The Hallie Ford Director for the Center for Healthy Children and Families

Hallie FordIn 2007, shortly before her death at the age of 102, noted Oregon philanthropist Hallie Ford made a gift of $8 million to build the Hallie Ford Center for Healthy Children and Families and create an endowment for its director.

Part of OSU's College of Public Health and Human Sciences, the Ford Center houses researchers who take a collaborative, preventive, and lifespan approach to child and family health, addressing such issues as early childhood development, school readiness, childhood obesity, as well as child, youth and family resiliency.

Born in Red Fork, Oklahoma, in what was then Indian territory, Mrs. Ford was the first in her family to go to college. Despite the challenges of the Great Depression, she worked her way through school and earned a teaching certificate. After marrying Kenneth W. Ford, she helped to establish Roseburg Forest Products and cofounded the Ford Family Foundation.

A woman of few words but great vision, Mrs. Ford believed in the transformational value of art and education. Resourceful and frugal in her personal life, she reserved most of her wealth to benefit others, giving millions to programs throughout Oregon and her home state.


Richard A. Settersten, Jr.

Rick SetterstenIn 2010 Dr. Rick Settersten was named the first endowed director of the Hallie Ford Center for Healthy Children and Families.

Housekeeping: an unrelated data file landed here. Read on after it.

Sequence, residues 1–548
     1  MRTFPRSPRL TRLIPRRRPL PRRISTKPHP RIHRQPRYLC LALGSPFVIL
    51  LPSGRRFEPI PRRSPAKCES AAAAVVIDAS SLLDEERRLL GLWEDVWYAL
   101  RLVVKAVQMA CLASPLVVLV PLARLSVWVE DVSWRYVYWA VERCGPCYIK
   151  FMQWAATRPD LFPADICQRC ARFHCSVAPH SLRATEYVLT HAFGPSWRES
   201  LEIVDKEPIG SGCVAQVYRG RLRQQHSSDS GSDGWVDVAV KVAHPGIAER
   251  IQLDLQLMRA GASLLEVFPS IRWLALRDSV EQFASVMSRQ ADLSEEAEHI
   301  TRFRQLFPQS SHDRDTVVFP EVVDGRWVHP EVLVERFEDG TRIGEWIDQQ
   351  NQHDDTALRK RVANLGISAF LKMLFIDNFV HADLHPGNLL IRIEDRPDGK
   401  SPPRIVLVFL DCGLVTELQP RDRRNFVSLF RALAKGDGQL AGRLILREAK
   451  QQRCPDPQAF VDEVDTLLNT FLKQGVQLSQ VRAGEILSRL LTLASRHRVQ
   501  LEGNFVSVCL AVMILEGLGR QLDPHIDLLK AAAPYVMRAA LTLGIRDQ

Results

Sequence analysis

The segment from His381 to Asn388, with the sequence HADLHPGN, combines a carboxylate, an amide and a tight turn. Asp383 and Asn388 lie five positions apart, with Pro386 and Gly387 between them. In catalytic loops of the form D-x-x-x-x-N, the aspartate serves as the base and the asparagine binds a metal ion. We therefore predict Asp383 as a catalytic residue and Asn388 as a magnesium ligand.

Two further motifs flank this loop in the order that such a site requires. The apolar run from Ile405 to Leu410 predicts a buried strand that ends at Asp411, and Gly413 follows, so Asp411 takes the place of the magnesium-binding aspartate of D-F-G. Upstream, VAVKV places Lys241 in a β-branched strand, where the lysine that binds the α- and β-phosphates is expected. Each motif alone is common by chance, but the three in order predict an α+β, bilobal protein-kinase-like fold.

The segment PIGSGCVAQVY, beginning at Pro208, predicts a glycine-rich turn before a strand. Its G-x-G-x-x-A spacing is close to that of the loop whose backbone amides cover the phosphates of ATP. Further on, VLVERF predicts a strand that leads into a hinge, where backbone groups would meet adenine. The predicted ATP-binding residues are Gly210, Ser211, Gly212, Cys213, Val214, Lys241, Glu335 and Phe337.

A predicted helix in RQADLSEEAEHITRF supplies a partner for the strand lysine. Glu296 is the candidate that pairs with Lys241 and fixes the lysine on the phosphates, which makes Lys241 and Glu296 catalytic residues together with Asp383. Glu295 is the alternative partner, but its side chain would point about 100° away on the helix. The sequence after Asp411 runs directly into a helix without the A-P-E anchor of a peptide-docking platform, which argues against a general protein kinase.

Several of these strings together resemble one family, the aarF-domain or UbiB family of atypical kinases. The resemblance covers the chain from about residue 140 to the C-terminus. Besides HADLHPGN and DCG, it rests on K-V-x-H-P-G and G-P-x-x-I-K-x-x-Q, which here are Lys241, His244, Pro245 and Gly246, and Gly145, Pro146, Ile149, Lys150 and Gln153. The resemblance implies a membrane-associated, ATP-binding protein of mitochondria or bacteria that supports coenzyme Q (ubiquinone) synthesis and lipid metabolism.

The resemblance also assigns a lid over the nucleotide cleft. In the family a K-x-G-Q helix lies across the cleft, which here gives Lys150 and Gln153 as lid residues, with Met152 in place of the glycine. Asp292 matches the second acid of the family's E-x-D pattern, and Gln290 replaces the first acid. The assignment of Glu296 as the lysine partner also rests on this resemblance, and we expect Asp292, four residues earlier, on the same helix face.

A professor of human development and family sciences at Oregon State University, Dr. Settersten is a sociologist, focusing much of his research on the first and last few decades of adult life.

His research explores what the extended process of becoming an adult today means for young people, their families, and the nation. Professor Settersten's scholarship also explores questions related to aging, tracing the consequences of early life experience for functioning in late life. He is a member of OSU's Center for Healthy Aging Research, and his research has been supported by divisions of the National Institutes of Health.

Settersten received a Ph.D. from Northwestern University and has held fellowships at the Max Planck Institute for Human Development and Education in Berlin, the Institute for Policy Research at Northwestern, and the Spencer Foundation in Chicago. Before coming to OSU, he was professor of sociology and co-director of the Schubert Center for Child Studies at Case Western Reserve University.

 

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